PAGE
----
Daniel Prude was treated like an animal and murdered by officers who should have protected him, said four relatives of the Black man who died after he was pinned to the ground by police in Rochester, New York.
Prude was “not the animal that they’ve treated him like,” his daughter, Tashyra Prude, told CNN on Thursday. “That is a human being. That is my father. That is somebody’s brother, son, cousin, nephew. This was one of the most loving people I have ever known in my life.”
Seven officers have been suspended in the case, the latest episode in a heated national reckoning over how police treat Black people.
Daniel Prude, 41, had been in the midst of a mental health episode on March 23 when his brother called the Rochester Police Department for help, his family said. Police bodycam video released by the family shows officers covering Prude’s head with a “spit sock” and holding him on the ground in a prone position before he stopped breathing. He was found to be brain dead at a hospital and died a week later, relatives have said.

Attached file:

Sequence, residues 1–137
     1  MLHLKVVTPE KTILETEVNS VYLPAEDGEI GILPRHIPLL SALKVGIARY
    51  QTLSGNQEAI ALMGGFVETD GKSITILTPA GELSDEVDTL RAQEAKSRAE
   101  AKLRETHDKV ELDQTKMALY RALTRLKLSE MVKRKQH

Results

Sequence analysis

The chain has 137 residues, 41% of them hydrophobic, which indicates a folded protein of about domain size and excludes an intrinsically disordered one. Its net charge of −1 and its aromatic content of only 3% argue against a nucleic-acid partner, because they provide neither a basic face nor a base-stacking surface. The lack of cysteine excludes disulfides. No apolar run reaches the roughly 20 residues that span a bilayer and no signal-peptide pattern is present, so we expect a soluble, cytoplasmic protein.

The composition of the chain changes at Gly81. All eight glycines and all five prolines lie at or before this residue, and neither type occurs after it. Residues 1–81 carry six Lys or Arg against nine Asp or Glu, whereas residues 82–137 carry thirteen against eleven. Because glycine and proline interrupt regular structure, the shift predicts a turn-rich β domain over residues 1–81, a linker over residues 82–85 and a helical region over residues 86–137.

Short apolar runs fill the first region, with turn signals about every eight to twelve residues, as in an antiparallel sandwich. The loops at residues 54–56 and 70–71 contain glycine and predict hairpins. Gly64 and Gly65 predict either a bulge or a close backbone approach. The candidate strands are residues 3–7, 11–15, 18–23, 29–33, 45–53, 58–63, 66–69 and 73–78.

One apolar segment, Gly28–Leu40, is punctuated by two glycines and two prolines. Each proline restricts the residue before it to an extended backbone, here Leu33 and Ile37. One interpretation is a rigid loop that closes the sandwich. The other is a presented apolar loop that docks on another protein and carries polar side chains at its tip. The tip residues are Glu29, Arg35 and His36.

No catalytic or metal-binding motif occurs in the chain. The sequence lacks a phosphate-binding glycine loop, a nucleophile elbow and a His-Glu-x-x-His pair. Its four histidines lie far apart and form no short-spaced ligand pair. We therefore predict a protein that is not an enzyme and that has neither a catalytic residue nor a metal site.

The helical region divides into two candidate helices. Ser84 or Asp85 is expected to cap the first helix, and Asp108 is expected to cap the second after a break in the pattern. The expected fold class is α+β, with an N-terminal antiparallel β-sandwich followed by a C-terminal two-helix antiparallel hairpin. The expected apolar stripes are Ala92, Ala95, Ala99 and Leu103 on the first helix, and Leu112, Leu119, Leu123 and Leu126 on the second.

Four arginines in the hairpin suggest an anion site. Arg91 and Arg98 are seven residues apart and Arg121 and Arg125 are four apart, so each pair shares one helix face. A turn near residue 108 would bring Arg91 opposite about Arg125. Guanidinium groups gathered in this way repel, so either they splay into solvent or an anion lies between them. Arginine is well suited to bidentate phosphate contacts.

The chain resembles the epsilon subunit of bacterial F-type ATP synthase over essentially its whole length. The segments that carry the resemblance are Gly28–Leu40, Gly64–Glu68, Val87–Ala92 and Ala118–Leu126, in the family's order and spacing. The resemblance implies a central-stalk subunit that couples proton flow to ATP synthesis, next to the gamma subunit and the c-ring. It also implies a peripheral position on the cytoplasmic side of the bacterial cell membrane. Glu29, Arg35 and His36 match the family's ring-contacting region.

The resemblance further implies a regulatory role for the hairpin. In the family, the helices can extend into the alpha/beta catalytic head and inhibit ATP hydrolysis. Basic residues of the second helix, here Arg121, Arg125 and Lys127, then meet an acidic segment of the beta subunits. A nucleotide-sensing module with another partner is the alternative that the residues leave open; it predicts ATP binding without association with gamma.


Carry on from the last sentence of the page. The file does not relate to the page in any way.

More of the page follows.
Watching that video, Tashyra Prude “was immediately filled with rage,” she told CNN.
“But I was also saddened because I had never thought that I will see my father in a situation like that, especially something that was out of my control and I had no way to be there to comfort him or help him through that kind of situation,” she said. “It put a serious burden on me, and I feel like that is something I would be stuck with for the rest of my life.”